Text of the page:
Students presenting

CHARLES TOWN, W.Va. -- on Thursday, students in the Washington High School leadership class presented their Capstone Projects to members of West Virginia American Water to complete their participation in The Education Alliance’s West Virginia Ready Internship pilot program. Throughout this semester, students learn problem-solving skills through a capstone project on “How to extend a water mainline” as part of their mentoring and internship course with West Virginia American Water.

 The Education Alliance launched the WV Ready Internship Program in 2019 by placing high school juniors and seniors as interns with West Virginia businesses to develop career readiness. Due to COVID-19, the program transitioned to a school-based, semester-long Virtual Internship course and expanded this semester to five new schools. It provides virtual job shadowing and training at 9 different businesses across West Virginia and matches each school with a business mentor to cultivate employability skills. Students earn graduation credit upon successful completion of the course. The program will continue to expand to serve more of the state’s soon-to-be graduates, with the eventual goal being to expand statewide.

 “We are grateful to West Virginia American Water for partnering with us again to provide career development and mentoring for students in this innovative program,” said Dr. Amelia Courts, president, and chief executive officer of The Education Alliance. “By providing virtual job shadowing and work-based learning experiences during the school day, the WV Ready Internship Program is truly a life-changing experience. I want to thank the Washington High School and West Virginia American Water for their collaboration to enable students to become ‘WV Ready Graduates’ who are ready for success after high school.”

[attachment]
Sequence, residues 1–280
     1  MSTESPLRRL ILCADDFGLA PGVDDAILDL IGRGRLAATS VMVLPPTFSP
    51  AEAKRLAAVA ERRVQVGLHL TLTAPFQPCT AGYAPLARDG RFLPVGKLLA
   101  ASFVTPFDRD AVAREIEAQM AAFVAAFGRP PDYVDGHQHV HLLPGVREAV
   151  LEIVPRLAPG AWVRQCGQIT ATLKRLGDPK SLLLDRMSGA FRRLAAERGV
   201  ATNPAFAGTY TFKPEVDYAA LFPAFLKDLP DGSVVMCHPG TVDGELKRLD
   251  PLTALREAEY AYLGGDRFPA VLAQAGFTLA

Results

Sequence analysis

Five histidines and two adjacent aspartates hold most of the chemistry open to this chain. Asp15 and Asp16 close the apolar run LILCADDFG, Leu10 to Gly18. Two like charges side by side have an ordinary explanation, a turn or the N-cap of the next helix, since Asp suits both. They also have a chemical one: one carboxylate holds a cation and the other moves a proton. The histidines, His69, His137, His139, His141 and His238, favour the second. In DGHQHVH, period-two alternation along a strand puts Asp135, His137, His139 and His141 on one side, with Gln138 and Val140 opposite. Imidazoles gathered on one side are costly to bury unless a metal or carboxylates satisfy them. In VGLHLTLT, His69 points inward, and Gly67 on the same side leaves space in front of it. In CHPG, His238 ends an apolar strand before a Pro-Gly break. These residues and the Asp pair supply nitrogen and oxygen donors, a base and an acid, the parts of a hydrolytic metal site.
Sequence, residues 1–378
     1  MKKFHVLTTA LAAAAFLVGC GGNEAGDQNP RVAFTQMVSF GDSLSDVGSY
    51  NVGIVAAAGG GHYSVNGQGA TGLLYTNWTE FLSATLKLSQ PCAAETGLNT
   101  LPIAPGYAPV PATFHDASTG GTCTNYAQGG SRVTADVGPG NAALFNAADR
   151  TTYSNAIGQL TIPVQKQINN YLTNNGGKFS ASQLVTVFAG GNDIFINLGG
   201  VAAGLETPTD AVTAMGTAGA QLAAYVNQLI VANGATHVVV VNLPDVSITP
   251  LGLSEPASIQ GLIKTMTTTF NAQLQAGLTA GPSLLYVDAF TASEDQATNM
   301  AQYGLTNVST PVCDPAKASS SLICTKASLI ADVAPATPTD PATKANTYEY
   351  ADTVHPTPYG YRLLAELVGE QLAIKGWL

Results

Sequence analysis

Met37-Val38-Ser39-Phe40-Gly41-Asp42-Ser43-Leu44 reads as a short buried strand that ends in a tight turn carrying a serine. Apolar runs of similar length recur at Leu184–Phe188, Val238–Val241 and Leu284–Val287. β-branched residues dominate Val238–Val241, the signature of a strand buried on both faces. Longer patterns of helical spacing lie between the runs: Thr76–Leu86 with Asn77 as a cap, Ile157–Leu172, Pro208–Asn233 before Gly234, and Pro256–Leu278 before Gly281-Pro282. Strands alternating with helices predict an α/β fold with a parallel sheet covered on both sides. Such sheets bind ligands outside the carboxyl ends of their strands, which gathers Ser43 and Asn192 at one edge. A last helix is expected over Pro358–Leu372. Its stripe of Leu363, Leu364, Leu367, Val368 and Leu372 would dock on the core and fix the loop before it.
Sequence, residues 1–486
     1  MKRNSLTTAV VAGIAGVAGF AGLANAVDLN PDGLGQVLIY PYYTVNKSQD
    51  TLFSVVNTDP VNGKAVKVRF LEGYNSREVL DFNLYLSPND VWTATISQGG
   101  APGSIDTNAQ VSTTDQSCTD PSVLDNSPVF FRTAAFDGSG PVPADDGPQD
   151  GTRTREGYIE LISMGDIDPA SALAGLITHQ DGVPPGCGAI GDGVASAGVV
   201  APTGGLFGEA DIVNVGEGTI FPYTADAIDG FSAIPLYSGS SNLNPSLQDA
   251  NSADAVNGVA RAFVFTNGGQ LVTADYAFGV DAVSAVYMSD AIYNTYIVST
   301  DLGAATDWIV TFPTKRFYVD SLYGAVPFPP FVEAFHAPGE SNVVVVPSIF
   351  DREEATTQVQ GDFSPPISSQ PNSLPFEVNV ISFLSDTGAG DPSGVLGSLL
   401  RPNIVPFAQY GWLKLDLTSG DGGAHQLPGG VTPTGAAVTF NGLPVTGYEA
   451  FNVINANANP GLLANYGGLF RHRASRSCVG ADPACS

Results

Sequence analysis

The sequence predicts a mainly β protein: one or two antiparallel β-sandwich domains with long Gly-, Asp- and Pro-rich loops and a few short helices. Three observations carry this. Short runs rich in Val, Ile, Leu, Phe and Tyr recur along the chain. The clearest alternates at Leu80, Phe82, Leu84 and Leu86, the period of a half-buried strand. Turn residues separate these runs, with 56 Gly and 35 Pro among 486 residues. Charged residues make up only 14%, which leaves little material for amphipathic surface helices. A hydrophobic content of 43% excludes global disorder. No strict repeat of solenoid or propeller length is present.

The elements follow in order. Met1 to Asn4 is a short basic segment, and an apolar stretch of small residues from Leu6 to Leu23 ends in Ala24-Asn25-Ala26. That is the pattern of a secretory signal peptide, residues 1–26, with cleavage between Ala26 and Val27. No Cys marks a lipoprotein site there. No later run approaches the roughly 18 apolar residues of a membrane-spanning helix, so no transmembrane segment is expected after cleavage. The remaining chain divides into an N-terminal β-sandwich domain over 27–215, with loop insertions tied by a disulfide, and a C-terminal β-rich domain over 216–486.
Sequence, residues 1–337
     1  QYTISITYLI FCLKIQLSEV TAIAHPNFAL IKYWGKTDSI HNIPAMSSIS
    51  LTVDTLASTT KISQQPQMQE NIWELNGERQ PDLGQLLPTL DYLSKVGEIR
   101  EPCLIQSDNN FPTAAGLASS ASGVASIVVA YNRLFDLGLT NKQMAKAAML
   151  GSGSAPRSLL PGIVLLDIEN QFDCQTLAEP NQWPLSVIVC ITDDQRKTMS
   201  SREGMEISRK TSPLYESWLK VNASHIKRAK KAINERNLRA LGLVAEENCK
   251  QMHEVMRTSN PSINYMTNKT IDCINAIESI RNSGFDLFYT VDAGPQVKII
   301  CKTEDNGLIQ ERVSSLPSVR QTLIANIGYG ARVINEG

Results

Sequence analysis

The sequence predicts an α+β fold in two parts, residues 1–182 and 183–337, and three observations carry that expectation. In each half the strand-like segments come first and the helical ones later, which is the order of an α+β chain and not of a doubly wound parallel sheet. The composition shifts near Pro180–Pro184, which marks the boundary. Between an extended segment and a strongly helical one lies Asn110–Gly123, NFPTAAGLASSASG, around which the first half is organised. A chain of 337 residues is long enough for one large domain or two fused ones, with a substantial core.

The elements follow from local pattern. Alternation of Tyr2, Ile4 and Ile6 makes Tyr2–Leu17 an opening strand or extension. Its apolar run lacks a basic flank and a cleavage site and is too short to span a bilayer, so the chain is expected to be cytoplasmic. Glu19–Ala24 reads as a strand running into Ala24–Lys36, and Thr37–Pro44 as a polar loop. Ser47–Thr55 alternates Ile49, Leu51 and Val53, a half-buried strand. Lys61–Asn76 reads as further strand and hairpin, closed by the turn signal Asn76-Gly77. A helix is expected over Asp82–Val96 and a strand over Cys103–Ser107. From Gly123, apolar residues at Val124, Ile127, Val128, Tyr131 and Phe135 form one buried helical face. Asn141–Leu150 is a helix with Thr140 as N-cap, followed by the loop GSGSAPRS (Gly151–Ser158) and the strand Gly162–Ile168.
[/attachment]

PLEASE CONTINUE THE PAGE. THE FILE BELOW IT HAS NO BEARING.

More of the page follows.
“As one of the state’s largest environmental business leaders, we believe in providing these types of educational opportunities for our next generation of water and wastewater industry employees,” said Robert Burton, president of West Virginia American Water. “Our team believes education is the foundation for a bright future, and it is an honor to work with the Education Alliance to inspire students to explore STEM careers for the next generation of West Virginia.”

 The course consists of weekly virtual business-led job shadowing, training modules, and business mentoring calls, along with a capstone project assigned by participating businesses.

Katilin Grantham teaches Washington High School's leadership class. She said they worked on their capstone project twice a week with the team at WV American Water.

"They gave us our scenarios, they provided us with information, materials, with how much certain things would cost."

As part of their capstone project, students from Washington High School have been paired with West Virginia American Water to learn about career opportunities in the water industry, including safety, engineering, customer service, external affairs, and human resources. The interns reported the training, mentoring, and capstone experience to be a pivotal step toward their future careers.  Grantham said those meetings gave students a chance to learn more about different types of careers they might one day pursue. 

"Every Wednesday we would meet with a person employed in a different sector of American Water. We've met with several different people over the last ten weeks or so who have just given us insight into their job and what they do. "

The WV Ready Internship program is made possible with generous support from American Electric Power Foundation, Toyota Motor Manufacturing WV, the AT&T Foundation, and the Steeley Foundation. To learn more about the program, visit